why do we drive on the left in england

Have you ever wondered why the British drive on the left? There is an historical reason for this; itвs all to do with keeping your sword hand free! In the Middle Ages you never knew who you were going to meet when travelling. Most people are right-handed, so if a stranger passed by on the right of you, your right hand would be free to use your sword if required. (Similarly,
staircases spiral in a clockwise direction going upwards, so the defending soldiers would be able to stab down around the twist but those attacking (going up the stairs) would not. ) Indeed the вkeep to the leftв rule goes back even further in time; archaeologists have discovered evidence suggesting that the Romans drove carts and wagons on the left, and it is known that Roman soldiers always marched on the left. This вrule of the roadв was officially sanctioned in 1300 AD when Pope Boniface VIII declared that all pilgrims travelling to Rome should keep to the left. This continued until the late 1700s when large wagons became popular for transporting goods. These wagons were drawn by several pairs of horses and had no driverвs seat. Instead, in order to control the horses, the driver sat on the horse at the back left, thus keeping his whip hand free. Sitting on the left however made it difficult to judge the traffic coming the other way, as anyone who has driven a left-hand drive car along the winding lanes of Britain will agree!


These huge wagons were best suited to the wide open spaces and large distances of Canada and the US, and the first keep-to-the-right law was passed in Pennsylvania in 1792, with many Canadian and US states following suit later. In France a decree of 1792 ordered traffic to keep to the common right and Napoleon later enforced the rule in all French territories. In England there wasnвt much call for these massive wagons and the smaller British vehicles had seats for the driver to sit on behind the horses. As most people are right-handed, the driver would sit to the right of the seat so his whip hand was free. Traffic congestion in 18th century London led to a law being passed to make all traffic on London Bridge keep to the left in order to reduce collisions. This rule was incorporated into the Highway Act of 1835 and was adopted throughout the British Empire. There was a movement in the 20th century towards the harmonisation of road laws in Europe and a gradual shift began from driving on the left to the right. The last Europeans to change from left to right were the Swedes who bravely made the change overnight on Dagen H (H Day), September 3rd 1967. At 4. 50am all traffic in Sweden stopped for ten minutes before restarting, this time driving on the right.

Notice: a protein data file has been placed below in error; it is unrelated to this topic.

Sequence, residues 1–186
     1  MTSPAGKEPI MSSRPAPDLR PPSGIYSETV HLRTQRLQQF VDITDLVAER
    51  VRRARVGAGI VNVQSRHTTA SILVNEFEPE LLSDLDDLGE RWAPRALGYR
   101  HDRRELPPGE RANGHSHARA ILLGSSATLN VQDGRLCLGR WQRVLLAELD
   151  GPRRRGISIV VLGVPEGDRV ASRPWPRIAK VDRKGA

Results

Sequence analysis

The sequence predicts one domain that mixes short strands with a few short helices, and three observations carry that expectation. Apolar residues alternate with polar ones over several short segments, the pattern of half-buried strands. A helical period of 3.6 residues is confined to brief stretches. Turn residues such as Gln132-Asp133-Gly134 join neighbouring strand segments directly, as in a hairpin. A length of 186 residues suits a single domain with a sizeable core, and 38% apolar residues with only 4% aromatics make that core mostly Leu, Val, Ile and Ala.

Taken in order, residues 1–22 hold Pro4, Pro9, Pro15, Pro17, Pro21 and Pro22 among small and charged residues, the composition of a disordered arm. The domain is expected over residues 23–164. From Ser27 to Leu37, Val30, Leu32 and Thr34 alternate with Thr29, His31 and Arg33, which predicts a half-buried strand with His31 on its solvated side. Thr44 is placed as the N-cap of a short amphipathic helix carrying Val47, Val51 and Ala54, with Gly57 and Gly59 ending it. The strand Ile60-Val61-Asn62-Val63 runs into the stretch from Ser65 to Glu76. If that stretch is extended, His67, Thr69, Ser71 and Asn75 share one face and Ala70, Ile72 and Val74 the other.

Today, only 35% of countries drive on the left. These include India, Indonesia, Ireland, Malta, Cyprus, Japan, New Zealand, Australia and most recently, Samoa in 2009. Most of these countries are islands but where land borders require a change from left to right, this is usually accomplished using traffic lights, cross-over bridges, one-way systems or similar. Why are we on the left in the UK? (Picture: Getty) Weвre passionate about many things here in the UK: The price of a pint, the correct composition of a fry-up, and weirdly the fact that we drive on the left. Our self-titled вcorrectв way to drive means we have to re-learn everything once we visit another country in order to not die on the road. Here in the UK we drive on the left, but weвre not alone. About 35% of the worldвs population drive on this side, particularly former British colonies. The reason for this actually dates back hundreds of years since before cars were invented. We started driving (or, riding) on the left when knights would mount horses and trot along the road in full armour. Since all their equipment would be on the left side of their bodies, they kept to this side so as not to hit passers-by.


It was also to ensure that they could draw their sword at anyone passing who might have had more negative intentions. Over the years, American and French teamsters (sort of like the first ever lorry drivers who rode wagons) began to drive on the right. This was because theyвd sit on the back left horse that carried their wagon, and driving on the left meant they couldnвt see those passing closely enough to prevent accidents. Particularly when the US gained independence from Britain, this custom gained traction and official laws were put in place. Gradually, as other countries started to regulate their roads more heavily (for example, Italy got its first highway code in 1912 and Spain had little road regulation until the twenties), it was written into law that cars were to stay on the right side. Also, as more cars started to be produced in the United States, it made sense for countries to drive on the right as thatвs how the car controls were set up. More: There was talk a few decades back about Britain changing over to the right, but given that it would cost billions of pounds to put into place and render many peoples cars essentially useless, it was dropped. Now, we are one of four European countries to drive on this side, and a handful of other nations worldwide. MORE: MORE:

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